Last week, we had the honor of presenting a grant award to the ULM Foundation to fund their partnership with the College of Health Sciences, the College of Pharmacy and staff from Ochsner LSUHSC-Monroe. Together, these teams are working on “Screening for Life,” a project that will provide health screenings, education and care navigation via community health workers.
All of this activity takes place in the delta region, where need is extremely high particularly among families and, in particular, children. We know that this navigation and preventive medicines will save lives and improve quality of life for those it reaches, and we are proud to be a part of this initiative.
Preventive medicine and wellness are essential to improving the social determinants of health. For example, we know kids need to be healthy in order to focus and learn to their fullest potential in school; so, families have to have enough food, access to care and good quality of life.
Within our foundation’s grantmaking work, we’re also seeing the kind of community-driven care navigation provided by ULM and others as increasingly important to generating more positive outcomes for those most in need of care.
Programs like 232-HELP in the Acadiana region and others are focusing on people experiencing an acute health crisis and what they need in order to heal, beyond medical care. Often, these patients present in the emergency room and may not have access to stable housing, food or clinical care once they leave.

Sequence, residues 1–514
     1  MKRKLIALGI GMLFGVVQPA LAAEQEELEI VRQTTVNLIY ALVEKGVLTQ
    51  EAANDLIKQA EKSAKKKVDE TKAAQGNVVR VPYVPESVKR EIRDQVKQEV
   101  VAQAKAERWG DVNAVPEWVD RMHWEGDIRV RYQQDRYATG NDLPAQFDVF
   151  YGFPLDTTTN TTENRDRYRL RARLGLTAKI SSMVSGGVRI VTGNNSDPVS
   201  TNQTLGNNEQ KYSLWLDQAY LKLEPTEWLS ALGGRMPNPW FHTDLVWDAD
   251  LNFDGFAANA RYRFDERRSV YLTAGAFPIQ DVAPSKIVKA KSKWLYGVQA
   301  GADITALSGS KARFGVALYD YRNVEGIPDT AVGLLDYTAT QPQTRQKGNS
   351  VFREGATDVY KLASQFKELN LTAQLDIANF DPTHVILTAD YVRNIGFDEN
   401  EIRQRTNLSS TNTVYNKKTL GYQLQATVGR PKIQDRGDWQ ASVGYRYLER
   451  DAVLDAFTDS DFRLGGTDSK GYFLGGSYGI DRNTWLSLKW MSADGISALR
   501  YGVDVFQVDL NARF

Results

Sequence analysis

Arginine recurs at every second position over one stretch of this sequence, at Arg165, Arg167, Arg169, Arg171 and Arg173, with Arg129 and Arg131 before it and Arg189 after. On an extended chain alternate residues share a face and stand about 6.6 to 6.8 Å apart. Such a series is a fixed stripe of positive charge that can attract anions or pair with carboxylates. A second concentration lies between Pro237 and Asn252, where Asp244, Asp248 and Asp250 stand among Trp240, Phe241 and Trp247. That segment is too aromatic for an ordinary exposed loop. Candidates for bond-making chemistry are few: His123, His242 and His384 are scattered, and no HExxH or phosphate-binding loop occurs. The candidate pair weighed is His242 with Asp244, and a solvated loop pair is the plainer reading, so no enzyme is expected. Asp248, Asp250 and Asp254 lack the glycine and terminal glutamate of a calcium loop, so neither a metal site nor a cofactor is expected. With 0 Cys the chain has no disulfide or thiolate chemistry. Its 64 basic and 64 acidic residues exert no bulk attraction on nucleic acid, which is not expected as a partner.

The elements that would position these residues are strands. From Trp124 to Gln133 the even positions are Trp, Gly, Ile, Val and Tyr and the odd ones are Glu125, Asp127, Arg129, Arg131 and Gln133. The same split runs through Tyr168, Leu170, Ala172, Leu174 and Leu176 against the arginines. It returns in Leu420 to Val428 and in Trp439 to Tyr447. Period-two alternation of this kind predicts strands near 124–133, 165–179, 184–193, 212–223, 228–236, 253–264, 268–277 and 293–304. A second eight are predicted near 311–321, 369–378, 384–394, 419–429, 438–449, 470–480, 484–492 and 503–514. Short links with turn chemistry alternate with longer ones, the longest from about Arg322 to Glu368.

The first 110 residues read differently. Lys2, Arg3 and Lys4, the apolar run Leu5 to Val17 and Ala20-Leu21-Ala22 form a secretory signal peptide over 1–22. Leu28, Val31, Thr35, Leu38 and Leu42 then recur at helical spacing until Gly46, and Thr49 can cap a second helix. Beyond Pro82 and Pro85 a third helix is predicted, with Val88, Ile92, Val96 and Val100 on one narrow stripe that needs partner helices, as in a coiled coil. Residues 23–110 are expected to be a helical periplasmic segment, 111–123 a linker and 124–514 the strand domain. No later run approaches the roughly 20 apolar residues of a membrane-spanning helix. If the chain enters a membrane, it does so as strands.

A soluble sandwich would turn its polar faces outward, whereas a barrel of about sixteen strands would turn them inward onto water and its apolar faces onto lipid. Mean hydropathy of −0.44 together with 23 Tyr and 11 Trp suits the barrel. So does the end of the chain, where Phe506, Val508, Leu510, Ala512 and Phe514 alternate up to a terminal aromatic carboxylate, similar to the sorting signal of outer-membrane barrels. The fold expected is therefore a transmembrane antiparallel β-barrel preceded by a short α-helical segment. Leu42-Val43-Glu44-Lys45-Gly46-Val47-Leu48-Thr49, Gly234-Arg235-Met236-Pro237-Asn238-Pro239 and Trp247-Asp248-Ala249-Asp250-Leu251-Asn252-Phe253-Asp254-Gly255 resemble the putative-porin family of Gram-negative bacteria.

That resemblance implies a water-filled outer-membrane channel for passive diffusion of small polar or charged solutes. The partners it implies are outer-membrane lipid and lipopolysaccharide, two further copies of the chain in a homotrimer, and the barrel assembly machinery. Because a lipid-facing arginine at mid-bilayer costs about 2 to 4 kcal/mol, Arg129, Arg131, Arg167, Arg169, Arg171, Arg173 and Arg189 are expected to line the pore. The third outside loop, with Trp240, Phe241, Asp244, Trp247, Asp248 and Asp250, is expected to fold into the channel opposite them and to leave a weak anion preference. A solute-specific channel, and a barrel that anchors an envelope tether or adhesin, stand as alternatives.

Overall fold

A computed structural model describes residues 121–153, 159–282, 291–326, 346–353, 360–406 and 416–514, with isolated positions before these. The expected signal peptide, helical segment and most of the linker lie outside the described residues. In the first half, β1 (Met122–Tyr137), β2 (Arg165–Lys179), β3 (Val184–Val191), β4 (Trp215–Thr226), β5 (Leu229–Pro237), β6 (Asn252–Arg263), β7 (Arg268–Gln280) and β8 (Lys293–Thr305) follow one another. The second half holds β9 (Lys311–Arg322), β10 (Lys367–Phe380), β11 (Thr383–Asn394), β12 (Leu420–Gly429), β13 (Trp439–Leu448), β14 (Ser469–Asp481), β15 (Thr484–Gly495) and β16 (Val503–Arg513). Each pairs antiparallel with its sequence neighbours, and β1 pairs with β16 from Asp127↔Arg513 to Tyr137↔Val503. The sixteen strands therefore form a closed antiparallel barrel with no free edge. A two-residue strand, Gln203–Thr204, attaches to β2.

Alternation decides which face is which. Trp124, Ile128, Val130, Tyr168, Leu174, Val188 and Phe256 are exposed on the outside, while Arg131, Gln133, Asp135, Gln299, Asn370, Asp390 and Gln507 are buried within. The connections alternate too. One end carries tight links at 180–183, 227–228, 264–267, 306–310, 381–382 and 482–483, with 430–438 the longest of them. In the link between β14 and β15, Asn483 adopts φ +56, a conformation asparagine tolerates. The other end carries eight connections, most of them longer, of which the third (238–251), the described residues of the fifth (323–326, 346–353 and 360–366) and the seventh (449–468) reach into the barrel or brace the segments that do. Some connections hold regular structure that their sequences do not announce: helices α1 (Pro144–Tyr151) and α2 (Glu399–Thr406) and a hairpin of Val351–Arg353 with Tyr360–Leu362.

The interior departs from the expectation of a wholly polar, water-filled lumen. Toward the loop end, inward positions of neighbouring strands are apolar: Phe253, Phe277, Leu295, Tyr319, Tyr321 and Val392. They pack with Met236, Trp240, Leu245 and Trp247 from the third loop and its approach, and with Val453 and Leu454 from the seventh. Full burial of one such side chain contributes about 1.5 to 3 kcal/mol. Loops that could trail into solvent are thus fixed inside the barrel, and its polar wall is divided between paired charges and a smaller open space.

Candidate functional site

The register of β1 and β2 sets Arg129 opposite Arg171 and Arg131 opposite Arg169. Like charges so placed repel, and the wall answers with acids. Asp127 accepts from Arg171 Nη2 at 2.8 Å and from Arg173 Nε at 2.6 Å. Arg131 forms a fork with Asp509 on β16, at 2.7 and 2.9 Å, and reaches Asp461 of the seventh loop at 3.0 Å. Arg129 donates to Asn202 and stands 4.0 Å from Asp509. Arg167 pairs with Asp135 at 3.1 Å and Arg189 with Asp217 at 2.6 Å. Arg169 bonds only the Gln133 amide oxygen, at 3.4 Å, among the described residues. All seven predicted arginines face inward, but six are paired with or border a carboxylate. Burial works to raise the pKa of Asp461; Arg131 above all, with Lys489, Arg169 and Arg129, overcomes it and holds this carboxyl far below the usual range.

People need a safe place to live and enough to eat in order to heal. Patients with mental health problems need care and stability to get consistent treatment for chronic physical health conditions. Hospitals like University Medical Center in New Orleans are screening for social determinants of health as part of their intake process, and operating a therapeutic health pantry to make sure patients and their families have food security.
Preliminary reports suggest that these care navigation efforts are incredibly effective at getting people well and connecting them with more effective care outside of the emergency room. Quality of life and overall health improves for patients who are connected with social services, and these projects may generate savings for hospitals.
Our next grant deadlines are June 1 and September 1 and the Foundation is very interested in coalitions of community groups who work together to solve complex problems like care navigation for those most in need. It can often take months to build these project teams, but if your region of the state is considering coalitions to address care navigation or other social determinants of health, or gaps in the healthcare workforce, let’s start a conversation.
– Michael Tipton
BCBSLA Foundation President and Head of Community Relations